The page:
Saturday, November 20, 2004

Biplane Angiography

Photo Gallery for this article: UHN Campaign

In my talks about funding for the transplant program at Toronto General Hospital I've been bragging about our status as a world-class transplantation institution. But that's only one of many areas the University Health Network has international recognition for.

On November 10, 2004 following a University Health Network (UHN) Campaign meeting, Dr. Karel G. TerBrugge gave our group a tour of the new Biplane Angiography Suite at the Toronto Western Hospital.

Dr. TerBrugge is Chief of neuroradiology at Toronto Western. He is an interventional neuroradiologist specializing in the treatment of patients with brain vascular disorders, especially brain aneurysms, arteriovenous malformations, and acute stroke. He is internationally recognized in his specialty, and a co-founder of the The Toronto Brain Vascular Malformation Study Group . He is a professor at the University of Toronto. He teaches and supervises medical students, residents and clinical fellows.

Dr. TerBrugge explained that the biplane system takes very detailed and clear X-ray pictures. By watching these images, physicians can thread extremely fine catheters through blood vessels that lead directly to problem areas of the brain. Once there they can seal off aneurysms, destroy clots, choke off the blood supply to tumors and open up clogged arteries with stents——all without surgery.

Blood vessels can be viewed from two different angles at the same time with the biplane system. The old imaging equipment gave a view of the brain in only one plane, making it difficult to navigate some arteries or enter some aneurysms or branch vessels.

This new system offers three-dimensional rotational angiography. After dye is shot into a blood vessel, the machine spins on a 180-degree axis, giving three-dimensional information about an aneurysm. See the picture on the monitor behind Dr. TerBrugge in this photo:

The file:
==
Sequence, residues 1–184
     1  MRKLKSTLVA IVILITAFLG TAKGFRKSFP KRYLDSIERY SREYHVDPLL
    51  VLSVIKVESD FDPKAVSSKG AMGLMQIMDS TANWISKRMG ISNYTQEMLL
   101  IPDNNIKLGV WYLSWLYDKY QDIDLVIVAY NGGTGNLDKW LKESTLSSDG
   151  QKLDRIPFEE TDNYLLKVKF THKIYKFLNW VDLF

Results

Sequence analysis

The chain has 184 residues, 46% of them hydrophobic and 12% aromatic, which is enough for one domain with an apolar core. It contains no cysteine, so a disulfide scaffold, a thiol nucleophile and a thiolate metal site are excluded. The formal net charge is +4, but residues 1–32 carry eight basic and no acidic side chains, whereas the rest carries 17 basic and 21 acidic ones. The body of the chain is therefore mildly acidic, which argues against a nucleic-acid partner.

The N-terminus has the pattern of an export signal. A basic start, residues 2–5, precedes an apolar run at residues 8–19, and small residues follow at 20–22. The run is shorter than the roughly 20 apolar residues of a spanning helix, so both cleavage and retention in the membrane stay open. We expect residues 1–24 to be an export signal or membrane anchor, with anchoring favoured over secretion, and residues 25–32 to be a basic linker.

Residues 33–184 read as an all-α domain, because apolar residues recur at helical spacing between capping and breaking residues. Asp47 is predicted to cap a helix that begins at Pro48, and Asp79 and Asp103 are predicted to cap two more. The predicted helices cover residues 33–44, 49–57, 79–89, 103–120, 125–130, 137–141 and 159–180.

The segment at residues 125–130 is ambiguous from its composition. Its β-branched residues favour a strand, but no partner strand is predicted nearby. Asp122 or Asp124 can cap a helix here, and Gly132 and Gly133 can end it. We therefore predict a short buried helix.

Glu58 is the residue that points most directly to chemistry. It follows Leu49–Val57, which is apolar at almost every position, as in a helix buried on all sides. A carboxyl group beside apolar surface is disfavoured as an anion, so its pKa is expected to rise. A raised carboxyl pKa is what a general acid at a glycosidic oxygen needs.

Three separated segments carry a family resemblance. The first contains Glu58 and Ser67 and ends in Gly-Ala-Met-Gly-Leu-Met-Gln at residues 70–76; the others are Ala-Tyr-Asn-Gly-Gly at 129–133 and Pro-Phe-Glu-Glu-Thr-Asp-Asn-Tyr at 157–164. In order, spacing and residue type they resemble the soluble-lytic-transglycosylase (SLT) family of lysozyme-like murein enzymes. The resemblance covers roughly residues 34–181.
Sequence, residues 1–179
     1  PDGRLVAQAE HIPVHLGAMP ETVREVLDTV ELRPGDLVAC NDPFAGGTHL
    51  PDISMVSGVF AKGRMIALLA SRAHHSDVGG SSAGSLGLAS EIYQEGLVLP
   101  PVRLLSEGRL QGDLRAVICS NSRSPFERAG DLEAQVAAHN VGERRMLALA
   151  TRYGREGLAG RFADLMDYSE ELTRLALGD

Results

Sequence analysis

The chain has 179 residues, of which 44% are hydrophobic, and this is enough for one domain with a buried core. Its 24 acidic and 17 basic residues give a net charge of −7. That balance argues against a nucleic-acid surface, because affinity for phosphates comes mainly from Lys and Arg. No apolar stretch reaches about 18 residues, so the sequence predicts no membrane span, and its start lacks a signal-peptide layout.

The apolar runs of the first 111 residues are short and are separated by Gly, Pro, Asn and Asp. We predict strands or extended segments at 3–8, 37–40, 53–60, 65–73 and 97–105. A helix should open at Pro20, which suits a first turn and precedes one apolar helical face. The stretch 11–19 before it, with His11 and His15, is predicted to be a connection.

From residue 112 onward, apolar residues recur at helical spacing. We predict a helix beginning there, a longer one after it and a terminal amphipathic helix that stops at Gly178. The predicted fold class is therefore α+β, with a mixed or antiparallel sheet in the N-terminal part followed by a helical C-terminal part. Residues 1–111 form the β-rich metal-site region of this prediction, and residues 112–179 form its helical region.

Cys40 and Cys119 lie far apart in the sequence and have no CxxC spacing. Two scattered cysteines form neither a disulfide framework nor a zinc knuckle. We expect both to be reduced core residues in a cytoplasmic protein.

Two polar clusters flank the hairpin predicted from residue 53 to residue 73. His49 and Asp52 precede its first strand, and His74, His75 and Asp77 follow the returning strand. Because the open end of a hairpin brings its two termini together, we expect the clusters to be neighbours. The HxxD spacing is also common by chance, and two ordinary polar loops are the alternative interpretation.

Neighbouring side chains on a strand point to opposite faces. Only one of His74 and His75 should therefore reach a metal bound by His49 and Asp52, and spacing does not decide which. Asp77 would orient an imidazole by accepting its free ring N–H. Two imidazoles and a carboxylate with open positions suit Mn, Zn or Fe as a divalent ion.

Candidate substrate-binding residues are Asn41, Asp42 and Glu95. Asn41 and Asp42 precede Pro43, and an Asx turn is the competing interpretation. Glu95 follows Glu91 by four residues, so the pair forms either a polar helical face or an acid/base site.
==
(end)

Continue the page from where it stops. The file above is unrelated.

For a panoramic view of the Biplane Angiography Suite:Angiography Suite

Now, a patient with a ruptured aneurysm can go directly to the operating room, have a diagnostic arteriorgram performed, and a decision can be made immediately on an open surgery or endovascular procedure.

The biplane systems gives the University Health Network here in Toronto a world class, state-of-the-art facility for treating interventional vascular disorders. But it does not come cheap. Dr. TerBrugge showed us one of the stents used to open clogged arteries. To me it looked like a small plastic cap such as one would find at the end of a tiny squeeze bottle. But looks are deceiving because those little stents cost $4000 each. Wow!

The more I see of the wonderful accomplishments and initiatives UHN is taking to push the envelope in achieving excellence in research and education the more motivated I am to help achieve our campaign funding goals.

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